One convenient functionality is the ability to perform reductions easily. Reductions are essentially the result of cascaded binary associative operations. For example, addition (+) is associative. To add all the element of a 800-element vector, you might send 100 elements to each of 8 cores, then once you are left with 1 element per core, you would add them all together to obtain the total; this last bit could be implemented as a reduction. There’s some tricks to increase the speed of reductions, which are hardware-specific. For example, in a high-latency environment, you might send all the 8 elements to one core in a single step, and then add all the elements together in 7 steps. In a low-latency environments, you could send the 4 last elements to the first four cores, add, send the 3rd and 4th elements to the 1st and 2nd cores, add, then finally send the 2nd element to the 1st core, and add (3 computation steps, 3 communication steps). How MPI_Reduce is performed is left to the implementation, so different flavors of MPI implement reduction strategies adapted to their target deployment environment.

One thing I should mention: I have not been able to figure out how to use MPI in a Matlab mex file. If somebody figures it out, give me a shout.

OpenMP

MPI gives some hardware-independance, and it can be very fast because the programmer works quite close to the metal, but it requires some significant effort from the programmer’s part. For the lazier among us, OpenMP offers the possibility of taking advantage of multiple processors with very little effort; the drawback is that the implementation is rather opaque, the control over the communication less fine-grained, and the results are typically not as fast as with MPI.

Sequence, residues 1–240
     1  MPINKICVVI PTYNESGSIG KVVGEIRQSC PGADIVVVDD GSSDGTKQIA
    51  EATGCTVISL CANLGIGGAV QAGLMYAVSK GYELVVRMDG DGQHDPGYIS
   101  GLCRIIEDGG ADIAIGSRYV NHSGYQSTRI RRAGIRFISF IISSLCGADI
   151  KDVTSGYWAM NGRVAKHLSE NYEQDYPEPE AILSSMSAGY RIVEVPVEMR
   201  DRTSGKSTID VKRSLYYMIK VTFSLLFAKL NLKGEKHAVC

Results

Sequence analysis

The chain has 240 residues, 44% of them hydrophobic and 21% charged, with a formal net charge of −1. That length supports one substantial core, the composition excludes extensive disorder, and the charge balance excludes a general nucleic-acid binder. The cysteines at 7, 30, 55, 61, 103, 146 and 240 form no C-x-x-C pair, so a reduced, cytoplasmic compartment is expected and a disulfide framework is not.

OpenMP uses a form of meta-programming through C preprocessor instructions. Here’s some C that performs a similar function to the previous MPI example:

#include <stdio.h>
#include <stdlib.h>
#include <omp.h>               
#define NUM_STEPS 100000000
/*main program*/
int main(int argc, char *argv[]) {
   int i;
   double x, pi;
   double sum = 0.0;
   double step = 1.0/(double) NUM_STEPS;
   int nthreads;
   /* do computation -- using all available threads */
   #pragma omp parallel
   {
       #pragma omp master
       {
           nthreads = omp_get_num_threads();
       }
       #pragma omp for private(x) reduction(+:sum) schedule(runtime)
       for (i=0; i < NUM_STEPS; ++i) {
           x = (i+0.5)*step;
           sum = sum + 4.0/(1.0+x*x);
       }
       #pragma omp master
       {
           pi = step * sum;
       }
   }
   /* print results */
   printf("parallel program results with %d threads:\n", nthreads);
   printf("pi = %g  (%17.15f)\n",pi, pi);
   return EXIT_SUCCESS;
}

I found this code here. The parallelization is done through the definition of a parallel section and the subsequent use of #pragma omp for private(x) reduction(+:sum) schedule(runtime), which performs a reduction, similar to the previous MPI example. By keeping parallelization hints in preprocessor instructions, the resulting C code is still (mostly) valid as a single-threaded program; it’s less obtrusive than MPI.

The way the for loop is split is left to OpenMP by the schedule(runtime) instruction; other choices of scheduling options are possible, but it’s not as fine-grained as in MPI. By default, all variables are shared, and private variables must be indicated, the opposite of MPI, where everything is private and syncs between workers must be made explicit.

I tried OpenMP recently in a mex project, and it took only a few minutes to obtain a 2x speedup. However, this was on a quad-core, so the code did not fully utilize the multi-core environment, but the ratio of speedup to effort was high nonetheless.

Conclusion

I hope these simple examples give you a flavor of the different options for C code parallelization in multi-core environments. Darren Wilkinson has some examples of how to implement parallel Monte Carlo with MPI. On the OpenMP side, there’s an intro to OpenMP usage in mex files over at Walking Randomly. Perhaps in another post I will explore how to program in many-core environments, especially GPUs.